It’s been almost a year since we started using an insulin pump to treat my son Benny’s diabetes. It was July 4th weekend last year that we stopped giving him shots and began pumping insulin. The pump has its own unique challenges but it’s a huge improvement over needles.
As we reach that milestone, I was very excited to read some great news stories about type I diabetes in the news this week. I do believe we’ll have a cure for diabetes at some point during Benny’s life, but I’m not a pollyanna about a cure any time very soon. Instead, I believe diabetes management will imrpove tremendsouly and that will come in just the next few years.
Here’s one way it’s all going to change – the artificial pancreas. It’s not your traditional replacement organ. This is mechanical and would sit outside the body. It’s a marriage of two pieces of techniolgoy already being used by type I diabetics, many here in the Charlotte area. A continuous glucose monitor keeps track of your blood sugar and an insulin pump delivers the right amount of insulin needed to keep those levels steady.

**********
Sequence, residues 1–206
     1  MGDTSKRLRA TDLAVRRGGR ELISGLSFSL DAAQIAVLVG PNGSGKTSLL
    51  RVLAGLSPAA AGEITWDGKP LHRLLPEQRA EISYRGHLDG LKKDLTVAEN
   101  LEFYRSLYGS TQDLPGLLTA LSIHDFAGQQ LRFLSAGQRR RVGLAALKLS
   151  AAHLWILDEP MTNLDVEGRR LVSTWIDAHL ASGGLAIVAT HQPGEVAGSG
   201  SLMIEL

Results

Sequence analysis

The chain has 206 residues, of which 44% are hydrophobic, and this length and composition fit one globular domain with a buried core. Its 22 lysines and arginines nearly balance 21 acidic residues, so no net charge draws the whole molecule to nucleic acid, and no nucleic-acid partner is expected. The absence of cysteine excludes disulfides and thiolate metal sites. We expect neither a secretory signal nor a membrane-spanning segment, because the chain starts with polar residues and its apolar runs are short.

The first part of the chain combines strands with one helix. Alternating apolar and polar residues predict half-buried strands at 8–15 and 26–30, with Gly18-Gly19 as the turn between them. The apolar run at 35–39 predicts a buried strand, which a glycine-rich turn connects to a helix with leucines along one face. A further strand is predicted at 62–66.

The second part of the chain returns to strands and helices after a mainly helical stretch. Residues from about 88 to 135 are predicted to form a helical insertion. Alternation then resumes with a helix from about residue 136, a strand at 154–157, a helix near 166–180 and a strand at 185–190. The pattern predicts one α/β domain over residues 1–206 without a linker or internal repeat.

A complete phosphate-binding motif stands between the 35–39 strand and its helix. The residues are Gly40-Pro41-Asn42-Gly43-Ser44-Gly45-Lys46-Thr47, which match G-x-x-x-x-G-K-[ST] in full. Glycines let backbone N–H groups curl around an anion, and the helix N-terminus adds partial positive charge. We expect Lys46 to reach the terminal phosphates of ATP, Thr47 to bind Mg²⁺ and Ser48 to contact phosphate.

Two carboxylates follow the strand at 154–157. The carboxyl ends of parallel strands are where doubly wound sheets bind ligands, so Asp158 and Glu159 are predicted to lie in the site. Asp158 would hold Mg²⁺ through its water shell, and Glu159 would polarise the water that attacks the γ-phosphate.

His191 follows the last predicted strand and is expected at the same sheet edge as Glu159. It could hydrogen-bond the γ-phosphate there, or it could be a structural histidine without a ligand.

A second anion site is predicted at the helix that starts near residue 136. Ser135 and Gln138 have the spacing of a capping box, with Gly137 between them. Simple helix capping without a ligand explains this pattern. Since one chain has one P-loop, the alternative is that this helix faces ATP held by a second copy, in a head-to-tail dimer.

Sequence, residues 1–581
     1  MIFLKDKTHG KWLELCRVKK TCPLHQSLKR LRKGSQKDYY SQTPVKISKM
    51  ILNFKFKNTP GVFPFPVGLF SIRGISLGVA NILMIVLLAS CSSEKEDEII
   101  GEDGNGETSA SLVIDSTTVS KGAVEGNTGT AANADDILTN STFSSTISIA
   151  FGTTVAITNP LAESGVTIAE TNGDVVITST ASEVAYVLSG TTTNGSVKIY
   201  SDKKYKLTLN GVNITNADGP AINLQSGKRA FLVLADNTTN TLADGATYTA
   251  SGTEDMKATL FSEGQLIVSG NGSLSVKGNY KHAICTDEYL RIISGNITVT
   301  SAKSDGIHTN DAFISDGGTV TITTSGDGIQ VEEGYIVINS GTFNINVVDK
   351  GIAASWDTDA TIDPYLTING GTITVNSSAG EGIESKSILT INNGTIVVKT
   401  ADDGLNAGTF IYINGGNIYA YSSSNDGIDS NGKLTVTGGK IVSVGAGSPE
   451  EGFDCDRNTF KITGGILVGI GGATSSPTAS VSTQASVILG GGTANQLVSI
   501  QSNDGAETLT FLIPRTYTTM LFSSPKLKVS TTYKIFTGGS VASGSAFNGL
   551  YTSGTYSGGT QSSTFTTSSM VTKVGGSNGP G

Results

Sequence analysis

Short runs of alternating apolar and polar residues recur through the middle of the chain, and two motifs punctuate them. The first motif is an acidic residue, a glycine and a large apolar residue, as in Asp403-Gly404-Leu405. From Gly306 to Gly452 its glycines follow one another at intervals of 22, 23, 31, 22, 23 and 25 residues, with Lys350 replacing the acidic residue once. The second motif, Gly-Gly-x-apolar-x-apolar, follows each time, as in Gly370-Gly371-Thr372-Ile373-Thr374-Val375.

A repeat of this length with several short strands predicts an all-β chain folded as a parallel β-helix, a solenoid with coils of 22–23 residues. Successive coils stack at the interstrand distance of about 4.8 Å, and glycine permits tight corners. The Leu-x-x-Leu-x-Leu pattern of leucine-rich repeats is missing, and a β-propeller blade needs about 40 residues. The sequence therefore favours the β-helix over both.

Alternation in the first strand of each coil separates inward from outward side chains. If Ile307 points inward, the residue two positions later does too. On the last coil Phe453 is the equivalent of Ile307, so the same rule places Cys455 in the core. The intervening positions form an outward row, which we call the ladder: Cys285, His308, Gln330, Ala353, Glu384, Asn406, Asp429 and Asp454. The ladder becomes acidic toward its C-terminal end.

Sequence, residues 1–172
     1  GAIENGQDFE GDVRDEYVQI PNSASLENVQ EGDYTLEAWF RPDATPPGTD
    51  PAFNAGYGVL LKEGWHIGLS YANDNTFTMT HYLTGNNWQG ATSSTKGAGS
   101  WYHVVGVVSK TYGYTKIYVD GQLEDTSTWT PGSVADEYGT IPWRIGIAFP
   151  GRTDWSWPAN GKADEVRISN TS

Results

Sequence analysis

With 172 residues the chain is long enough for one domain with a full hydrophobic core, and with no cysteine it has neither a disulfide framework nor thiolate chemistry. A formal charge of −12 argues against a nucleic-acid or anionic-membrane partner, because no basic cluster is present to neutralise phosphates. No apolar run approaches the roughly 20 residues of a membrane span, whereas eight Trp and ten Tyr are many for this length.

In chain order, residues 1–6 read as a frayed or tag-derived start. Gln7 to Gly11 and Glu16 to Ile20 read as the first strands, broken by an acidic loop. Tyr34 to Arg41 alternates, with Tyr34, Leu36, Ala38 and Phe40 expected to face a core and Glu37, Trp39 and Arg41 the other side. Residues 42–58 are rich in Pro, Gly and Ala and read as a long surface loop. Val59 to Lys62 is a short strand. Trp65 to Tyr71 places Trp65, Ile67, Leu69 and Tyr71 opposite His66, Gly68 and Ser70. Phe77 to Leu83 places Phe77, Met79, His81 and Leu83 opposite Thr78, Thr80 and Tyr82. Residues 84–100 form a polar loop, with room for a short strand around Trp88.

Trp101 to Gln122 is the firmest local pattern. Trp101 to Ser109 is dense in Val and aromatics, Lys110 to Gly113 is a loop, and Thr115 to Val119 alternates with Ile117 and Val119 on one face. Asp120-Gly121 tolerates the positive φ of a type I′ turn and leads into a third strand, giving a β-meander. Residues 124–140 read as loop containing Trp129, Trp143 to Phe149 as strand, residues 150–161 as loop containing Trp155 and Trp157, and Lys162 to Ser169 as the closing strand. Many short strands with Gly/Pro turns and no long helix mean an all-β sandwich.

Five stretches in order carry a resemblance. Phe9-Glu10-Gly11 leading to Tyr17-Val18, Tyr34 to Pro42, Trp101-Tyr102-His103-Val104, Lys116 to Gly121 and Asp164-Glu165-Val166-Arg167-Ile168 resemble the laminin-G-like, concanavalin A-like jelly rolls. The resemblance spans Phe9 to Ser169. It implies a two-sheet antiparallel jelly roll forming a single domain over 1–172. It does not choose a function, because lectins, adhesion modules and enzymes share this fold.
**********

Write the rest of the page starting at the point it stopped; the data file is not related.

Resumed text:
The monitor, worn like a pager and connected to a sensor placed just under the skin, tells the patient whether levels are trending up or down. If levels reach dangerously high or low levels, it sounds an alarm.
The system already is in trials at centers in the United States and internationally. But researchers say it’ll likely be another five or so years, as component parts are improved and consolidated into a single package, before the realized vision is ready to hit the market.
There are a lot of skeptics – after all, we’ve been hearing about this type of system for a long time. I’m very optimistic, though, and I’m very thankful for all of the people who’ve been working to test all the components of an articifal pancreas so that it will work when my son gets his!
Another cool story came out this week – something called the Sugarmobile. It’s a car that monitors blood sugar. The car, being developed by U.S. medical device firm Medtronic, flashes up blood sugar readings on a dashboard display so the driver can keep track of them without having to stop and take blood samples.
The new car, which went on display for the first time at the recent American Diabetes Association annual conference in San Francisco, could reduce the risk of diabetes-related crashes. This uses the continuous glucose monitor I mentioned earlier. Medtronic’s is called MiniMed.
When used in the car, the MiniMed would instead send the data to a screen on the dashboard via Bluetooth – the wireless system used in mobile phones to transmit music and picture files. A microchip inside the dashboard converts the readings into a display that is updated every few minutes.
Pretty cool stuff. Makes thinking about my 3-year-old son someday driving a little easier to bear. Okay, maybe just a little.